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The Basics: Understanding the Medical Device Single Audit Program

FDA and regulatory counterparts in several countries introduced the Medical Device Single Audit Program (MDSAP) Pilot, an international effort to harmonize the inspection and auditing of medical device manufacturers in a single annual audit to be conducted by third-party certification body auditors. MDSAP procedures refer to these certification bodies as “auditing organizations.” The program is the result of efforts by the International Medical Device Regulators Forum (IMDRF), and satisfies the requirements of four regulatory bodies:

  • U.S. Food & Drug Administration (FDA)
  • Brazilian National Health Surveillance Agency, Agência Nacional de Vigilância Sanitária (ANVISA)
  • Health Canada (HC)
  • Australian Therapeutic Goods Administration (TGA)

Japan will become the fifth, full member of the pilot program this summer. Several of the European Notified Bodies are actually conducting the MDSAP audits, and it is expected that Europe will also join the MDSAP when the program is fully implemented in 2017.

FDA
FDA will accept the MDSAP audit reports in lieu of routine Level 1 and Level 2 inspections. However, MDSAP audit reports will not replace “For Cause” FDA inspections or Level 3 follow-up inspections by FDA. MDSAP audits will not replace pre-clearance/pre-approval inspections for 510(k) or PMA submissions, either.

ANVISA
ANVISA will use MDSAP audit reports as part of the pre- and postmarket assessment processes. ANVISA will also accept MDSAP audits in lieu of the initial ANVISA audit. This is critical, because there is an average backlog of three years for initial inspections.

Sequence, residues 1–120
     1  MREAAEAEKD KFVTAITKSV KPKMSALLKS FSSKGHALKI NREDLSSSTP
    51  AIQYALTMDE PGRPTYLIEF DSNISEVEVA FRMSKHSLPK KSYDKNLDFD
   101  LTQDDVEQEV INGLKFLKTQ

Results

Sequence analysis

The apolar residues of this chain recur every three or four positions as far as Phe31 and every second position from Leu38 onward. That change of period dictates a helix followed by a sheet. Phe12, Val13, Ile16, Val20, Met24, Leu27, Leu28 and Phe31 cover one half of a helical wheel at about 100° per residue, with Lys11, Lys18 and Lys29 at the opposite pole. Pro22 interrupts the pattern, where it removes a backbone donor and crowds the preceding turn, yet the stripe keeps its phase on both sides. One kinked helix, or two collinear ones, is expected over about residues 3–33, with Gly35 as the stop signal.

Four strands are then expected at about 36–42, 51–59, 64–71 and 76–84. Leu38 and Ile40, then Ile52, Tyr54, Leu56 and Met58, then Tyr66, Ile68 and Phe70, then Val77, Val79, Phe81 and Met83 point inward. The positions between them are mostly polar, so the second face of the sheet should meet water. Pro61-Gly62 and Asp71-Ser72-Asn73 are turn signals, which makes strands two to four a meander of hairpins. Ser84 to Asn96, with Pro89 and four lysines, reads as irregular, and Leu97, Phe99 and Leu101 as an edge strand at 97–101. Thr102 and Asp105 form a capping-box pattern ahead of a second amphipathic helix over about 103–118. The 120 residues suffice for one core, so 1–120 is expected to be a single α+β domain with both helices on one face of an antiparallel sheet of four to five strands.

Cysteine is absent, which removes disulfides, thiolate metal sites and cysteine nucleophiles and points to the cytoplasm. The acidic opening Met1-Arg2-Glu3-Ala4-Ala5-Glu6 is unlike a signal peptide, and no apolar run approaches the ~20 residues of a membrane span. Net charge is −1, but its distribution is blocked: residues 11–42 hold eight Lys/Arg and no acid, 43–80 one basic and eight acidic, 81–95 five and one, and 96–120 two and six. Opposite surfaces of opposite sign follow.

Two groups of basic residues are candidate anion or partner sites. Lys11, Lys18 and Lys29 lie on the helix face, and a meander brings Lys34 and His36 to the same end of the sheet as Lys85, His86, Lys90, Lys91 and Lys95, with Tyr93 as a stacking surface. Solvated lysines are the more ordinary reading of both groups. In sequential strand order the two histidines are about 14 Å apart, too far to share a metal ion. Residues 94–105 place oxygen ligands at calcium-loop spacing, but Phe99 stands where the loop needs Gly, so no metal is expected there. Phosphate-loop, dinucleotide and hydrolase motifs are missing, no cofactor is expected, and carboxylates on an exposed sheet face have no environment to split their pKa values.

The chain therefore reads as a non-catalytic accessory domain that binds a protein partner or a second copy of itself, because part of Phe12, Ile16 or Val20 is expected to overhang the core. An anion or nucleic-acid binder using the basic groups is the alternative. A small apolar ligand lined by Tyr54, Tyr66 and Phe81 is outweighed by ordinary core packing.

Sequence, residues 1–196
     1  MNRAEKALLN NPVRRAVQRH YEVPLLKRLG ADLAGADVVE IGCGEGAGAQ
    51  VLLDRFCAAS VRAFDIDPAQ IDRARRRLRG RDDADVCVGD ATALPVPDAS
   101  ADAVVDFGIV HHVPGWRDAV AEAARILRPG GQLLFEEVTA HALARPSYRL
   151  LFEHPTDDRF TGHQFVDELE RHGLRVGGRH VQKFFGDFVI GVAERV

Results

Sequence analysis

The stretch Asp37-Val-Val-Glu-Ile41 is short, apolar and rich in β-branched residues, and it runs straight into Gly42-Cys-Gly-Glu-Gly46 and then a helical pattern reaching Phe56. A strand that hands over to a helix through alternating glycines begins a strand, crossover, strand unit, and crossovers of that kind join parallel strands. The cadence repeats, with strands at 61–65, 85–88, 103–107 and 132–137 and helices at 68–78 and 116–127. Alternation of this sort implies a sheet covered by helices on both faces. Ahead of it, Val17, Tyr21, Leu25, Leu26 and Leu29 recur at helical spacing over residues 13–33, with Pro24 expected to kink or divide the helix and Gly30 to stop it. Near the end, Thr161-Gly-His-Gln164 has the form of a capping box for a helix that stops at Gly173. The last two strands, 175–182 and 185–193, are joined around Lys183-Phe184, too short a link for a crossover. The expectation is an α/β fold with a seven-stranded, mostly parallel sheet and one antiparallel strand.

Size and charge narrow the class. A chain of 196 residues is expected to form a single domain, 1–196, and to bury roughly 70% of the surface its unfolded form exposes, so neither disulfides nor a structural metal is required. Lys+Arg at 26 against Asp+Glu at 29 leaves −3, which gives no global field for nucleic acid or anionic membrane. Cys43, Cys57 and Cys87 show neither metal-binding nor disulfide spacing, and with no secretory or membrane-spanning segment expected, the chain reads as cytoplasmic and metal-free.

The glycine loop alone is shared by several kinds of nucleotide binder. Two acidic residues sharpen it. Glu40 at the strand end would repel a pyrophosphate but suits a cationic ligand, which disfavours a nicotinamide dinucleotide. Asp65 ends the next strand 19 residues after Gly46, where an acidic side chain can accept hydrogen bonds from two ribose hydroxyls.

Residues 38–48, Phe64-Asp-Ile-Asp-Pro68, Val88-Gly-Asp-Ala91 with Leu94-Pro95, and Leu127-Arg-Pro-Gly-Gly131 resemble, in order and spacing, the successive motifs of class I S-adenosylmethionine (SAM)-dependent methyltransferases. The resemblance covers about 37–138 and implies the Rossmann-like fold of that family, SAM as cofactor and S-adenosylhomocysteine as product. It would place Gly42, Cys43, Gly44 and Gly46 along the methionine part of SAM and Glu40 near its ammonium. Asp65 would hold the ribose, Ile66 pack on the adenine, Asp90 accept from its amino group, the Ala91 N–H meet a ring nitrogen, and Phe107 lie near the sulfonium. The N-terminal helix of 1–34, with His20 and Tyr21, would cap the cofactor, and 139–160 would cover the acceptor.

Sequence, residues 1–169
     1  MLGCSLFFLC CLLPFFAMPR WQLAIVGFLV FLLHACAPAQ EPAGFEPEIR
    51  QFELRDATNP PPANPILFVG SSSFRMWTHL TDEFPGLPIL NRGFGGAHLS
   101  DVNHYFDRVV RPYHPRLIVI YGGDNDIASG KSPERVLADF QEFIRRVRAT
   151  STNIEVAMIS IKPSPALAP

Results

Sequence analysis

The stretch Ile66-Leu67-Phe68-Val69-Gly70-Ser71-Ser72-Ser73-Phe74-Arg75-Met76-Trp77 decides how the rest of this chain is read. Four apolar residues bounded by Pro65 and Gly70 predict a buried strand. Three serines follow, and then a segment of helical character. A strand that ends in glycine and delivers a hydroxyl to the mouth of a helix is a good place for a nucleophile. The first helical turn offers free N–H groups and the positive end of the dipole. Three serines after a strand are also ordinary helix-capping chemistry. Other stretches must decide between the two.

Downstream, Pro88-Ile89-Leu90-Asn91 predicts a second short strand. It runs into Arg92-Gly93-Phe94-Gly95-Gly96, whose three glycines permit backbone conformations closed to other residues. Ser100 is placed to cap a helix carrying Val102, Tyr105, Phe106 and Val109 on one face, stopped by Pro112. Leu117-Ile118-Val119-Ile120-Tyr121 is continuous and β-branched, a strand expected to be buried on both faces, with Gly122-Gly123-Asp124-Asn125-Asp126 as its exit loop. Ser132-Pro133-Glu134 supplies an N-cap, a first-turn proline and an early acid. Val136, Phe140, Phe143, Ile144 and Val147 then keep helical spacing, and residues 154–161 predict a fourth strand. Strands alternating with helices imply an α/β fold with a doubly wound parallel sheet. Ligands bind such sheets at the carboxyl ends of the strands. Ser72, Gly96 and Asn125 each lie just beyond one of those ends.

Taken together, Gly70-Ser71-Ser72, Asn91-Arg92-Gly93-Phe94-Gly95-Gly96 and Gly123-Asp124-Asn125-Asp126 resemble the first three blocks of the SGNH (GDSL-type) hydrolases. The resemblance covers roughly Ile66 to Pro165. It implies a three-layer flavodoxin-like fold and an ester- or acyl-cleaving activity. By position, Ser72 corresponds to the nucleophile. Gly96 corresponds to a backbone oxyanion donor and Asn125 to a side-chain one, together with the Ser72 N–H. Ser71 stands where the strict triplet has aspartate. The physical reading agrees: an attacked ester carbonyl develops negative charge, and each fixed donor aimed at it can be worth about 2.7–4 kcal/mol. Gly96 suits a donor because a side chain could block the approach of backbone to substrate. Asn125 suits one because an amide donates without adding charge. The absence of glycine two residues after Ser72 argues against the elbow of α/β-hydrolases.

Health Canada
HC intends to replace the existing CMDCAS certification program with MDSAP as the method of verifying that Health Canada’s quality management system requirements is met. This is another reason why only registrars recognized by Health Canada were invited to apply for participation in the MDSAP Pilot.

Australian TGA
Australia’s TGA will use MDSAP audit reports as an input to decisions for issuing market authorization, unless the device is excluded or exempted, or current policy prohibits the use of MDSAP audit reports. In addition, the Australian TGA recently became HC’s 15th recognized registrar.

Japan’s Ministry of Health, Labor & Welfare (MHLW)
Japan’s MHLW and Material Authorization Holders (MAHs) perform onsite inspections of manufacturers for compliance with the Japanese Pharmaceutical Affairs Law (JPAL). Changes to JPAL were approved in November 2013 and launched in November 2014. As part of the changes, the MHLW is allowing Certification Bodies to audit additional device classifications. Also, MHLW is now an official observer and active participant in the MDSAP Pilot. MHLW becomes a full member in the summer of 2015. 

Don't miss Robert Packard's presentations at OMTEC 2015.
Presentations include:

2016 European Medical Device Regulations: Significant Changes for Importers and Distributors and
2016 European Medical Device Regulations: Preparing for the Spinal Implant Reclassification 

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